Inside the department, the case had become the priority of former Voting Section chief Christopher Coates, who has contended that the Civil Rights Division is resistant to pursuing claims vindicating the rights of white voters. Coates recently criticized the division's handling of the NBPP case in testimony before the Civil Rights Commission. It's worth noting that although Coates, who now works as a U.S. attorney in South Carolina, had a civil rights background before coming to work at the department (he had been an attorney with the American Civil Liberties Union), Schlozman, in recommending Coates for an immigration-judge position, had assured (pdf) superiors not to "be dissuaded by his ACLU work on voting rights matters from years ago. This is a very different man" and a "true member of the team."

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It's more telling that the NBPP controversy doesn't even pass the "Thernstrom" test. Abigail Thernstrom, vice chair of the Civil Rights Commission, has long been an opponent of affirmative action and voting remedies that favor minority groups. But even she has broken rank with her conservative colleagues and argued that the brouhaha has nothing to do "with the Black Panthers; this has to do with [the right-wing's] fantasies about how they could use this issue to topple the [Obama] administration."

In the meantime, the mainstream media have begun to give the conservative claims about the NBPP case greater scrutiny, emboldening the right to continue their drumbeat against Fernandes, Perez and the Civil Rights Division for doing what every administration before that of George W. Bush has done: pursue the vigorous enforcement of our nation's civil rights laws to protect our most vulnerable citizens, making careful decisions about how best to deploy the department's resources.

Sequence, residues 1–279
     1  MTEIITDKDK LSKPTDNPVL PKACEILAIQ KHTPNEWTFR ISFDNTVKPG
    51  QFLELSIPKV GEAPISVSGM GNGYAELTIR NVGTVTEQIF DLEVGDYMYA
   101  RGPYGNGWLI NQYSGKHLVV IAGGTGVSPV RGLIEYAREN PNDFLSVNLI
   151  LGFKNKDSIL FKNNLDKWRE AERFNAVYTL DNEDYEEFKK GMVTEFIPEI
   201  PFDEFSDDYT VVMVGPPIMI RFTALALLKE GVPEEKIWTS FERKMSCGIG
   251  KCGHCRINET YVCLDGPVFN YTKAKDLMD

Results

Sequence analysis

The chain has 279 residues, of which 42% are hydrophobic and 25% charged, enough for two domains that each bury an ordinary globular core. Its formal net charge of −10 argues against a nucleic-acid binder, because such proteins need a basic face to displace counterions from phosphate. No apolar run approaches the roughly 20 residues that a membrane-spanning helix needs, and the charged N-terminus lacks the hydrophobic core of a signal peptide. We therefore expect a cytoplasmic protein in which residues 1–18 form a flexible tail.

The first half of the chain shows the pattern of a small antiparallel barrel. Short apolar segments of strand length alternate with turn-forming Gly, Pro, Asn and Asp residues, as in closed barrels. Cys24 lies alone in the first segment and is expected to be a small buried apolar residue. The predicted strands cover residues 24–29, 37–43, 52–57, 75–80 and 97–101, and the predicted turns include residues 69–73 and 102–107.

But under the "new normal," there is no racism worth discussing except that of blacks against whites. No attention has been given to the cases raising voter intimidation against black and Latinos during the Bush years that the Civil Rights Division similarly chose not to pursue (pdf). It is anti-white racism that is our nation's problem.

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We had best wake up to this far-right effort to shift the very meaning of civil rights. Sherrod-gate has taught us that we cannot allow ourselves to be "snookered" by media dumps that challenge the integrity and work of some of the most talented members of the Obama administration in an effort to find imaginary "reverse racists" and to usher in a "new normal" in civil rights.

Sherrilyn A. Ifill, who teaches at the University of Maryland, writes about the law for The Root.